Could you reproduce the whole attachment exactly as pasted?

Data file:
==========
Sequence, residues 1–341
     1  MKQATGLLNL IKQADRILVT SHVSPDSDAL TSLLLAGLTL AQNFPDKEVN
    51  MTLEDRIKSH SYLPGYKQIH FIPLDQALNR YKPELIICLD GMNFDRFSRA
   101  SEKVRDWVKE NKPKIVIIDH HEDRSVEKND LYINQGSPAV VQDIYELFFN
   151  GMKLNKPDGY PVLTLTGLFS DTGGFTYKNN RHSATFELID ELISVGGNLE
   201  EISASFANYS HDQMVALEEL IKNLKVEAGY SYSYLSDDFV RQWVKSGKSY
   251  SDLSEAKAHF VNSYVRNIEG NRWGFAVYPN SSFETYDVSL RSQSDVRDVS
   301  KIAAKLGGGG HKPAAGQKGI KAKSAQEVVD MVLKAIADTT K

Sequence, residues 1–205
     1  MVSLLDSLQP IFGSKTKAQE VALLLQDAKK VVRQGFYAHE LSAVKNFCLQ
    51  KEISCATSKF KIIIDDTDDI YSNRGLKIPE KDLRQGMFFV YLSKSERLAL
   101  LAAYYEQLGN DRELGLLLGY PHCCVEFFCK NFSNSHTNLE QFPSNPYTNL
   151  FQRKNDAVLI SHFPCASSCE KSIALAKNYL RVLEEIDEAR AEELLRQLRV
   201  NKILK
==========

Sequence, residues 1–341
     1  MKQATGLLNL IKQADRILVT SHVSPDSDAL TSLLLAGLTL AQNFPDKEVN
    51  MTLEDRIKSH SYLPGYKQIH FIPLDQALNR YKPELIICLD GMNFDRFSRA
   101  SEKVRDWVKE NKPKIVIIDH HEDRSVEKND LYINQGSPAV VQDIYELFFN
   151  GMKLNKPDGY PVLTLTGLFS DTGGFTYKNN RHSATFELID ELISVGGNLE
   201  EISASFANYS HDQMVALEEL IKNLKVEAGY SYSYLSDDFV RQWVKSGKSY
   251  SDLSEAKAHF VNSYVRNIEG NRWGFAVYPN SSFETYDVSL RSQSDVRDVS
   301  KIAAKLGGGG HKPAAGQKGI KAKSAQEVVD MVLKAIADTT K

Sequence, residues 1–205
     1  MVSLLDSLQP IFGSKTKAQE VALLLQDAKK VVRQGFYAHE LSAVKNFCLQ
    51  KEISCATSKF KIIIDDTDDI YSNRGLKIPE KDLRQGMFFV YLSKSERLAL
   101  LAAYYEQLGN DRELGLLLGY PHCCVEFFCK NFSNSHTNLE QFPSNPYTNL
   151  FQRKNDAVLI SHFPCASSCE KSIALAKNYL RVLEEIDEAR AEELLRQLRV
   201  NKILK